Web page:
first result that jumped out is that older batteries suffer from
rising internal resistance as they discharge, enough that the
automatic low voltage cutoff trips short of rated capacity, and then
the battery slowly recovers to well above the full discharge voltage
given in the specs.

http://www.power-sonic.com/images/po...hManual-Lo.pdf

The 5-year-old 12v 4.5Ah UPS battery I tested this AM delivered 2.45Ah
at 3A, which is the average current my laptop draws while browsing.
Table 2 shows in the 1 Hour Rate column that it should be good for
2.75Ah at 2.75A current.

Does anyone know a good reason why I can't measure the true remaining
capacity in two steps by first discharging to 10V at the fairly high
current of my typical loads, then continuing at the 20 hour rate AGM
batteries are specified for until the voltage drops to [the
appropriate endpoint] again?

The run time for a typical load tells me how useful the battery still
is, but it combines the effects of capacity and resistance. I'm
wondering if also knowing the Amp-Hour capacity at the 20 hour rate,
with less interference from the internal resistance, would indicate
how well my long-term maintenance procedures work.

-jsw


I gave up. Never got any predictive information.

Most of my testing was done with Lithium batteries in laptops.

I consider a laptop battery bad when it won't run the laptop
long enough. How vague is that? ;-)

Started with bad battery packs and tested cells.
At low current, I almost always got something like specified
capacity. The electrons are in there, but the laptop won't
let you have them.

I don't know what the sampling interval is, but the laptop
wants to shut down at some voltage so you don't lose data
and call the vendor. Subtract the peak voltage across the ESR
from the battery voltage. If it dips below the threshold,
the laptop wants to shut down.

Turn off the power features that warn of impending low voltage
shutdown.

The symptom is that the battery gauge decays slowly for a while
then drops instantly to a much lower number. The laptop senses
impending doom, but you've blocked that.
I've had laptops run two hours past the point when the battery
gauge hit zero. Problem is that when it dies, you lose whatever
you were working on.

I've never had any success trying to fix the ESR. That's probably
the same problem you have when your car fails to start. Never been
able to do anything about that either.

The higher the peak current, the fewer electrons all those
protection circuits will let you have.
Even with a new battery, capacity is a strong function of
load current.

Numbers from browsing the web won't help much when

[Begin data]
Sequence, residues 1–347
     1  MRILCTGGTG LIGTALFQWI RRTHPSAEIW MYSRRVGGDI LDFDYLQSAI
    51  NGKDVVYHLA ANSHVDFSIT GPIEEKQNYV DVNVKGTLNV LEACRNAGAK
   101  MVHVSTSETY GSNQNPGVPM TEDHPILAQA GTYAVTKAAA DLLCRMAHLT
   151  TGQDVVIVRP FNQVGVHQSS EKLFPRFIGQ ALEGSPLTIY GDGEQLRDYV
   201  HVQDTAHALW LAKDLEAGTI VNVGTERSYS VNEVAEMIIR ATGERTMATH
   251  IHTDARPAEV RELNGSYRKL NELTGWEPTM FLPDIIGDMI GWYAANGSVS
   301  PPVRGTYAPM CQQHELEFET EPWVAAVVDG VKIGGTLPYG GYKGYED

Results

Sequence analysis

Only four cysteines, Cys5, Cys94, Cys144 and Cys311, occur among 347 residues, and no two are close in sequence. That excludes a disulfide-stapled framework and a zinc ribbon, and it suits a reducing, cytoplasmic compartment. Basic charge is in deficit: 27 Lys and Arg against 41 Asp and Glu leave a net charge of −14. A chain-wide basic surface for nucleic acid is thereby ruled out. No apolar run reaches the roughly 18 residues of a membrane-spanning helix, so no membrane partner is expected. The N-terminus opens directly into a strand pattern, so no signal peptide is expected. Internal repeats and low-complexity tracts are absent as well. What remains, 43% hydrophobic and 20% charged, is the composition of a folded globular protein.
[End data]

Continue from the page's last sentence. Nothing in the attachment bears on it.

Microsoft decides to do an update and runs all your cores
at 100%.
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Old May 20th 17, 01:31 AM posted to rec.crafts.metalworking
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Posts: 2,505
Default Battery capacity testing

On 2017-05-19, mike wrote:
On 5/19/2017 9:33 AM, Jim Wilkins wrote:
I've finally acquired enough equipment to measure the remaining
Amp-Hour capacity of my Lead-Acid and Lithium battery collection. The
first result that jumped out is that older batteries suffer from
rising internal resistance as they discharge, enough that the
automatic low voltage cutoff trips short of rated capacity, and then
the battery slowly recovers to well above the full discharge voltage
given in the specs.


[ ... ]

The higher the peak current, the fewer electrons all those
protection circuits will let you have.
Even with a new battery, capacity is a strong function of
load current.

Numbers from browsing the web won't help much when
Microsoft decides to do an update and runs all your cores
at 100%.


Well ... that is not a problem for me. The first thing I do
when I pick up a new (to me) laptop is to remove the virus. The last
virus was called "Windows 10". I replace it with either a linux or an
OpenBSD system, so Microsoft doesn't have a say in when I update, and
updates for the others are based on telling me that updates are
available, and letting me decide whether and when to install them. :-)

Enjoy,
DoN.

--
Remove oil spill source from e-mail
Email: | (KV4PH) Voice (all times): (703) 938-4564
(too) near Washington D.C. | http://www.d-and-d.com/dnichols/DoN.html
--- Black Holes are where God is dividing by zero ---
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Old May 20th 17, 02:52 AM posted to rec.crafts.metalworking
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Posts: 4,798
Default Battery capacity testing

"mike" wrote in message
news
On 5/19/2017 9:33 AM, Jim Wilkins wrote:
...
The symptom is that the battery gauge decays slowly for a while
then drops instantly to a much lower number. The laptop senses
impending doom, but you've blocked that.
I've had laptops run two hours past the point when the battery
gauge hit zero. Problem is that when it dies, you lose whatever
you were working on.